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CollaFirm: Helping Healing

The future of getting hurt will get less and less intimidating, so long as Surendra Batra keeps making medical tech advances at his 800-square-foot office at 7 Deer Park Drive. Readers may remember Batra and his company, CollaFirm, as the developer of a post-dental implant membrane that advances the healing process related to oral surgery (U.S. 1, September 28, 2011).

Collafirm’s latest product broadens its horizons to the rest of the body. Rather than developing a product for a specific area like the gums, the company has turned its healing eye to wherever someone might be wounded. Collafirm, which uses porcine (pig) collagen technologies to create healing products for trauma treatment, has received the FDA’s green light to market its new collagen wound dressing product. The product is a highly purified porcine dressing that, when applied to a wound, absorbs fluid and “maintains a moist wound environment” to allow for more rapid healing, according to the FDA.

It has been proven to work on ulcers, burns, abrasions, surgical cuts and several other kinds of wound.

Though Batra is tight-lipped about the product — he can only say what has been proven in scientific studies — he does say he is excited that the dressing has reached the stage at which he can market it. He hopes to repeat Collafirm’s success with the dental membrane, which the company sold to a Texas firm in 2011 and is quickly becoming a favorite among oral surgeons, Batra says.

The dressing, according to the FDA, is intended for a broad array of wounds and surface traumas, including ulcers, donor and graft sites, abrasions, traumatic or surgical wounds, and first and second degree burns. It will only be available to medical professionals.

Batra, Collafirm’s founder and president, has been a collagen scientist for nearly 30 years. Before he established Collafirm, he was a vice president of R&D at Integra LifeSciences, based at 313 Enterprise Drive in Plainsboro.

Born and raised in India, the son of a housewife and a civil servant, Batra earned his bachelor’s in physics, math, and chemistry from Agra University in 1965. He earned master’s degrees in organic chemistry from Meerut University in 1970 and in medical biochemistry from Maulana Azad Medical College in New Dehli in 1977.

In 1983 Batra received his Ph.D. in invented and synthesized radioactive azidoacridine studies at Reading University in England. He also holds a post-doctorate in enzymology and protein chemistry from the University of Delaware, which he earned in 1986. Batra served as chief scientist at Semex Medical in Norristown, Pennsylvania, where he worked with bovine collagen, developing products for wound care and tissue regeneration. His collagen studies then took him to ABS LifeSciences in West Chester, Pennsylvania, where he served as chief scientist and developer of the firm’s chicken collagen manufacturing process for wound healing, periodontal procedures, and cartilage regeneration.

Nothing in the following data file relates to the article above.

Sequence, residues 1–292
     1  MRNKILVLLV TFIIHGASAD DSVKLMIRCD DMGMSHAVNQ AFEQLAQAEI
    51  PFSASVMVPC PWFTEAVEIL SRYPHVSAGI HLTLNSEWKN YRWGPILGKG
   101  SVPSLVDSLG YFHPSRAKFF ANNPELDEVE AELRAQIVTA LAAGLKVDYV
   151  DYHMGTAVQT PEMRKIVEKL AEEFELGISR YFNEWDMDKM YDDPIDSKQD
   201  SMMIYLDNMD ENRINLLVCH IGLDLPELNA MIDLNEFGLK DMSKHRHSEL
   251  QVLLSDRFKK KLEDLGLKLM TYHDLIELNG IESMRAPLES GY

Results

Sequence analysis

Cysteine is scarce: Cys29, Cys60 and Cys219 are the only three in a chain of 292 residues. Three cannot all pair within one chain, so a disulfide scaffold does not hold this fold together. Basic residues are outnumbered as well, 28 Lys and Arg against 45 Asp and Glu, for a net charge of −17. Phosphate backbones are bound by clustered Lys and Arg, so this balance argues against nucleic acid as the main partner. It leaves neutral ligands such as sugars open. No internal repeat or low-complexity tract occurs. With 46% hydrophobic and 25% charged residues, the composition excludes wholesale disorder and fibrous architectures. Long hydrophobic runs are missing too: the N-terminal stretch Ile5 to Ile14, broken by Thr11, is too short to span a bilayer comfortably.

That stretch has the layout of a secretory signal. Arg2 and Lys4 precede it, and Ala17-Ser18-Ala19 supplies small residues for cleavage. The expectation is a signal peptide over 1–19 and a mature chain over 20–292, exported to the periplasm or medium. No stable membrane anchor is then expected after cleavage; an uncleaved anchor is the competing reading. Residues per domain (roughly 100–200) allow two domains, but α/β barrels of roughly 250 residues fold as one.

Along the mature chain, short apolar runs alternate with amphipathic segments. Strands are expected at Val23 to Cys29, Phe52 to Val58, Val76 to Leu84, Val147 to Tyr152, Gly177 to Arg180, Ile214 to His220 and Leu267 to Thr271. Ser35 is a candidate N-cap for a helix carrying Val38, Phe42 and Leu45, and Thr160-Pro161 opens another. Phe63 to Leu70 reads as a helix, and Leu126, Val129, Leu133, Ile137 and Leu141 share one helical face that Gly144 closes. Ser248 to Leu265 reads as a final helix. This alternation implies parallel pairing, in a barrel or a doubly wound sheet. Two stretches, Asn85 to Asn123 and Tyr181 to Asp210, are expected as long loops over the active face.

In 1991 Batra joined Integra, where he spent eight years as the chief developer of two of the company’s skin and tissue regeneration products. He also helped develop a dural membrane, which is used in brain surgery the same way CollaFirm’s dental product is used in implant surgery — as a barrier against infection.

In 2000 Batra took a job as a consultant with Davol, a division of the largest hernia surgery products company in the world, Bard. He worked part time with Davol because it is based in Providence, Rhode Island, and he did not want to move there. But for nine years Batra made the trip to Providence once a week, often for several days at a time. He was chief consultant of all collagen-based agents used in general surgical applications at Davol.

In 2009 Batra tired of the commute — though he says Davol treated him like royalty, paying for his travel and lodging, and providing him with good money. “My family kept saying ‘Why don’t you do that here?’” he says. “So I finally said OK.”

When he founded CollaFirm Batra had already decided to only do research into porcine collagen. It was shortly after the world was introduced to mad cow disease and the issues of safety and contamination were hot topics in bovine collagen research. Part of the focus for Batra and CollaFirm was to find ways to make a sterile product. Because collagen is an animal product — it is the group of proteins found in connective tissue — it is subject to animal diseases, particularly viruses. This has been another issue with membrane products used post-surgery, Batra says.

CollaFirm’s lab work is outsourced, Batra says. He develops the science, but there is little room for lab work at Deer Park Drive. His wife, Saroj, who handles the company’s accounting and public affairs. She is part of what Batra refers to as “a real family business.” His son-in-law and daughter, each of whom have MBAs, help run the company as well.

The firm is developing a new product for hernia and general surgical applications including plastic and reconstructive surgery. That product “is very active in development,” Batra says, but has just started. He expects it to be some time before the product is ready and does not say much about it other than that he foresees great things with it. “We’re looking for a partner for [the product],” he says.

CollaFirm LLC, 7 Deer Park Drive, Suite M-7, Monmouth Junction 08852; 732-823-1051. Surendra Batra, CEO & founder. www.collafirm.com.

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